Additionally, compare those numbers to last year’s team, which finished the season with 97 losses, won only 30 post- ASB games, and finished the year with a 7-21 record in September, and lost all 4 of its games in October. Sure, that was a team plagued by injuries, inexperience, and the loss of All-Stars such as Cliff Lee and Victor Martinez, but the numbers are still undeniable. While the 2009 team seemed to pack it in and die during the tail-end of the season, this team has continued to fight and improve- a great sign for the future.

Overall, I have been impressed with what we’ve seen from the Tribe’s young talent in these last few months. Young pitchers such as Josh Tomlin, Jeanmar Gomez, and Carlos Carrasco have really stepped up and delivered in the last half of the season. Also, after an abysmal start, Michael Brantley has greatly improved since his August callup, hitting .291 in August, and .286 in September- both promising numbers for the Tribe’s potential leadoff hitter of the future. The continued success of young players such as Brantley, Matt LaPorta, and Carlos Santana (who should be fully healthy for 2011) is vital for this club to compete in the near future. I feel that with what we’ve seen from them, in addition to production from veterans such as Shin-Soo Choo and Travis Hafner (who has hit .331 since the ASB, by the way), the Indians have a good foundation for future success.

Michael Brantley.jpg

Obviously, the team does have its holes to fill- second and third bases are pretty open, as I don’t feel that guys like Jayson Nix, Luis Valbuena, and Jason Donald are legitimate major league options as starters. While there are prominent prospects down on the Farm (e.g., Lonnie Chisenhall and Jason Kipnis), they are still at least a year away, so the Indians need some kind of stop gap option, especially for the hot corner. Brandon Inge would be a great free agent option, especially given his flexibility, but I feel that he may be out of the Indians’ price range.  Perhaps Mr. Antonetti can convince Omar Vizquel to retire on the sunny shores of Lake Erie?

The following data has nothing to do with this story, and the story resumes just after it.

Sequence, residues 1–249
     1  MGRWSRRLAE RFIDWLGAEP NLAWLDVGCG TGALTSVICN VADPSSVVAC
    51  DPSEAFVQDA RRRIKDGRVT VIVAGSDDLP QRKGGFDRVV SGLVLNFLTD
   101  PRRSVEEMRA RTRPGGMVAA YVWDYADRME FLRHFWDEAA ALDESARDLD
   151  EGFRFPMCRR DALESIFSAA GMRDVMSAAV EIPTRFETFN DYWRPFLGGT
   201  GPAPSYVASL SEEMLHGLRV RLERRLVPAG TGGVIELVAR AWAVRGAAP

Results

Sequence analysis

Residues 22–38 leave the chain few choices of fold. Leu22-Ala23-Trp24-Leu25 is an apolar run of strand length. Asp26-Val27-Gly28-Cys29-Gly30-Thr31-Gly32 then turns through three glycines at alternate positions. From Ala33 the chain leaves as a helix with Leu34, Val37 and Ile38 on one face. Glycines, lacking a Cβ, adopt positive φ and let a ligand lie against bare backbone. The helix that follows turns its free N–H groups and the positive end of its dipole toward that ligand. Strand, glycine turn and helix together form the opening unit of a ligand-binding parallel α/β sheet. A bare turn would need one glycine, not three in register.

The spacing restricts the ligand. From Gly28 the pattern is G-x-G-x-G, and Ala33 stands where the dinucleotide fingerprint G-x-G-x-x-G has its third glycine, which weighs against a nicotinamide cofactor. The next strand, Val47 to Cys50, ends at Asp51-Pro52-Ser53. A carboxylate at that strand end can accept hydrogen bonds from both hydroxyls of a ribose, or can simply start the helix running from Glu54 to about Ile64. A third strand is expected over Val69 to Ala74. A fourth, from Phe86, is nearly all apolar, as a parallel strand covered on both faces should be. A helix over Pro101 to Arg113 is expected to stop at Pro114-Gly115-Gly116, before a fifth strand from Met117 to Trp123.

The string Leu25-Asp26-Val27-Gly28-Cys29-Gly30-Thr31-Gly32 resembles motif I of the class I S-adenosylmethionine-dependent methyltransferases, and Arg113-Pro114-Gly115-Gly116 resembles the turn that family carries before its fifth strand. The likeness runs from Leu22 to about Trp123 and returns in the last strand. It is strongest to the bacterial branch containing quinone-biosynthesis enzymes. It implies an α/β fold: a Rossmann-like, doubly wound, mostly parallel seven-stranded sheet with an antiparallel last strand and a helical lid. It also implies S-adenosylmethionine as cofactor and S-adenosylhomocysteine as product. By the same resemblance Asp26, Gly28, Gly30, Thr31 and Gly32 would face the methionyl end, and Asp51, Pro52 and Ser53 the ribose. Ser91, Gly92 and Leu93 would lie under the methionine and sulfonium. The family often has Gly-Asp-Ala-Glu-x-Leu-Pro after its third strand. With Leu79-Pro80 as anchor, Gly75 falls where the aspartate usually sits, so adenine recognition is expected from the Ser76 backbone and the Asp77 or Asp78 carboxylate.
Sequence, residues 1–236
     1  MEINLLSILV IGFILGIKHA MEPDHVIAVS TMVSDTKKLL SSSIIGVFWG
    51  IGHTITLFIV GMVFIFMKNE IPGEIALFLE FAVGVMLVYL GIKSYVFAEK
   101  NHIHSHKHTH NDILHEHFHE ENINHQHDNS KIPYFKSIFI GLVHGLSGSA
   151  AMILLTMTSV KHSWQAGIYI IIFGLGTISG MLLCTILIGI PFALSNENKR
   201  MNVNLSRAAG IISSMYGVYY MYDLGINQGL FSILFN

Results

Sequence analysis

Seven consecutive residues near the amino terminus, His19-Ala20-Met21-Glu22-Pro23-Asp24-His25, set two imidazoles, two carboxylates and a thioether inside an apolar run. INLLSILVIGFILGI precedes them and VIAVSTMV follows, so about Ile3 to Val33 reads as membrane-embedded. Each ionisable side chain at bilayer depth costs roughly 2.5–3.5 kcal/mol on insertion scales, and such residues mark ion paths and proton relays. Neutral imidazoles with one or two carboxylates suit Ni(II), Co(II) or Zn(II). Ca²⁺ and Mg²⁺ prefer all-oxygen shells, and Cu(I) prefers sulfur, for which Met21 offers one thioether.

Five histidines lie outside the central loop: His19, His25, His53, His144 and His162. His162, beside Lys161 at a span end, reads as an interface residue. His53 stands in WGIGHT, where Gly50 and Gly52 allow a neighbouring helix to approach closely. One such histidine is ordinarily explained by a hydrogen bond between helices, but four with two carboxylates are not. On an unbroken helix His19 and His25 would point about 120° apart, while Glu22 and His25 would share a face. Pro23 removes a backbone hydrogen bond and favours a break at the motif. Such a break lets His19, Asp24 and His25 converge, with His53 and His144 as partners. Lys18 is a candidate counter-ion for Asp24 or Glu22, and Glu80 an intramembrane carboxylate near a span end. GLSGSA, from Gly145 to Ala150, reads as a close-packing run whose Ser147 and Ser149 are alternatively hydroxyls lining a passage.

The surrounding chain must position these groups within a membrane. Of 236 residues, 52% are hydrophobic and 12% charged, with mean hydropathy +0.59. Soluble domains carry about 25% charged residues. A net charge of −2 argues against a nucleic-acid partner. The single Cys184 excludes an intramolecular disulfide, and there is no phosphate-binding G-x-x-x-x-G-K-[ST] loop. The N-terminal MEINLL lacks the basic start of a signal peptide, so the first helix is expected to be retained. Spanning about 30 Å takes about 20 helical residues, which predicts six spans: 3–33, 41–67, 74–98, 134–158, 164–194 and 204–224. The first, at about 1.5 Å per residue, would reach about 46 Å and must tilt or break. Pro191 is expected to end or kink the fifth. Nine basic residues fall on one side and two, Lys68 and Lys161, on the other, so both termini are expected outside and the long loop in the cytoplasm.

So, with all that said, I am fairly optimistic about the Tribe’s chances for next year. While I don’t think they will be contenders, they could fall somewhere around the .500 mark. I’ve got a feeling they will remind us of the 2004 team- a group starting to come together, perhaps competing for a while, but ultimately falling short of being in the playoff picture. Still, given where we could be, I will take the forward progress, and look towards further success in the future.

Finally, in an unrelated note, I’m pretty intrigued by the NL West/ Wild Card competition. I have loved watching the Padres defy expectations all year, so to see them lose a playoff spot now would be crushing. However, I think Atlanta is absolutely rolling right now, so I don’t see them losing any ground. This series between the Padres and the Giants over the weekend will be a blast to watch, but I have to say that I think the Giants will ultimately pull out the West, with the Braves taking the Wild Card. Book it.



Hating on Boston (And Predictions!)